Last year I had another Carers Assessment this time by someone from the Alzheimer's society this gave me more specific information. She advised Talking Point so I came back on.
    TP has been a great support, one has to remember not all things apply to everyone.
    Personally I cannot see the point of continual tests, but the idea of someone giving ongoing support visits sounds like bliss. I think the lack of coordination and lack of physical respite is a great problem everywhere.
    To get the best help we can we have to be really open with the professionals, it sounds disloyal sometimes.
    In the earlier days we agreed as a couple that had to be done to help us both deal with present circumstances.
     
  12. Grahamstown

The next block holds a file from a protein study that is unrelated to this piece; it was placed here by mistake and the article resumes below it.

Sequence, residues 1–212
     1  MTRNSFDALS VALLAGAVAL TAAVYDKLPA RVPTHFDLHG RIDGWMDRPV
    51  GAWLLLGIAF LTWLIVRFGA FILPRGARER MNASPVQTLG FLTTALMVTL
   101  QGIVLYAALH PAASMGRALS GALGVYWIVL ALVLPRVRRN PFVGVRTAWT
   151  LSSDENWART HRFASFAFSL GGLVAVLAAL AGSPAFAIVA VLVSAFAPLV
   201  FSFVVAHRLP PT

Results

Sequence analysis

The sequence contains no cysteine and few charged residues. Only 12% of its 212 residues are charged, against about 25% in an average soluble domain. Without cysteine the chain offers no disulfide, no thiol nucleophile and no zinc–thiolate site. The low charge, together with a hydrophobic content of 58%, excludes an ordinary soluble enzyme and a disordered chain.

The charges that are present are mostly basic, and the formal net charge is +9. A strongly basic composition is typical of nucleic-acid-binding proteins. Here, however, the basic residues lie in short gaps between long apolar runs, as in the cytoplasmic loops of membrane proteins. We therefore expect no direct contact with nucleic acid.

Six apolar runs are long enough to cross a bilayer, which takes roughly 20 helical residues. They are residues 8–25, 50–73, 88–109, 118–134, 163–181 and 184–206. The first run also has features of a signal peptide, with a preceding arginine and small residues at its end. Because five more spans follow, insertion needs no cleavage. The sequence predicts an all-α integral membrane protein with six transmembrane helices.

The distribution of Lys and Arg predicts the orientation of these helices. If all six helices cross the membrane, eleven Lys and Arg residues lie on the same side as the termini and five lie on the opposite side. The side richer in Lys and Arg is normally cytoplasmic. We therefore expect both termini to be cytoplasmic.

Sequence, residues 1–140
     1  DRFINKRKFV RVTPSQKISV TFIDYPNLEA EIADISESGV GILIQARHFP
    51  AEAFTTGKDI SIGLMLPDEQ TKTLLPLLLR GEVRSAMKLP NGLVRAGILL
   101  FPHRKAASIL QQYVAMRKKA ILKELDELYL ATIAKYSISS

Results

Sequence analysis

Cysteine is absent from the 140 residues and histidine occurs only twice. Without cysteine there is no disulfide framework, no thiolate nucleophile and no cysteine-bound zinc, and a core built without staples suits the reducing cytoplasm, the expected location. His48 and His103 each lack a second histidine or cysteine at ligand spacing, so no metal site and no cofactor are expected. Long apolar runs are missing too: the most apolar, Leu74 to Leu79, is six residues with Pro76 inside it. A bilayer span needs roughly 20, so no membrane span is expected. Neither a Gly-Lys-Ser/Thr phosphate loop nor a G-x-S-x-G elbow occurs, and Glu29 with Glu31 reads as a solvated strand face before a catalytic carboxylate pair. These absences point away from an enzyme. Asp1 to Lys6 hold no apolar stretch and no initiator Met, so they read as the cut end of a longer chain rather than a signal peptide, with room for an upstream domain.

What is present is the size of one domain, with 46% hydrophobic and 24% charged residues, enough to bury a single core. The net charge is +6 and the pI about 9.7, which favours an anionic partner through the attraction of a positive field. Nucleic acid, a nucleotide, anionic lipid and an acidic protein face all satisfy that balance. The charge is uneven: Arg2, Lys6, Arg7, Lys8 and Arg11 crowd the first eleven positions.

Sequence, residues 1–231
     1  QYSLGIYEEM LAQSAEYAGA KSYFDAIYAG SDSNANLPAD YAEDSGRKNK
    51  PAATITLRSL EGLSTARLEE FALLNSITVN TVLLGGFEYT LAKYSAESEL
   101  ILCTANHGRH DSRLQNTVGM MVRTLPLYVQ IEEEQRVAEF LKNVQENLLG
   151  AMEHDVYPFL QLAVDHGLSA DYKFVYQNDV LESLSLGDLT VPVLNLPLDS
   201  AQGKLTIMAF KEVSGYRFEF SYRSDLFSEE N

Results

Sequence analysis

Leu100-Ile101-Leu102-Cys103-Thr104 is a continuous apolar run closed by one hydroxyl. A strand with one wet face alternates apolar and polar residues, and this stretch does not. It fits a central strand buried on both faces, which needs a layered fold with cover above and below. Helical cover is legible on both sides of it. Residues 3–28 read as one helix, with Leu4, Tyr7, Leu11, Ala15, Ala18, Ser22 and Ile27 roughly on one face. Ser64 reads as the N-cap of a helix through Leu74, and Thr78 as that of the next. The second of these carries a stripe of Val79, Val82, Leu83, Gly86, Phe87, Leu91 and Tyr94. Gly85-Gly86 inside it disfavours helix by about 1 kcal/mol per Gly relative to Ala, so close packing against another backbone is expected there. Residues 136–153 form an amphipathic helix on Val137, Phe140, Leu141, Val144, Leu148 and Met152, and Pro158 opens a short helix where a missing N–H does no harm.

Grahamstown Registered User

    Jan 12, 2018
    1,336
    East of England
    Your experience was mine too @AliceA almost word for word, hospital, scans, diagnosis and a nurse visit then back to GP. He is lovely but I cannot be seeing him all the time and TP is my honest support. Also I do say what is happening in front of him to the doctor but I try to do it in an inclusive way so that he feels he is part of the conversation. He never remembers the consultation anyway.
     
  13. Baggybreeks

    Baggybreeks Registered User

    Mar 22, 2017
    75
    Scotland
    My husband, who died on Tuesday after 6 and a half years from diagnosis saw a consultant twice in the first year then had a Community Psychiatric Nurse for a year. Also I had a CPN who was wonderful support.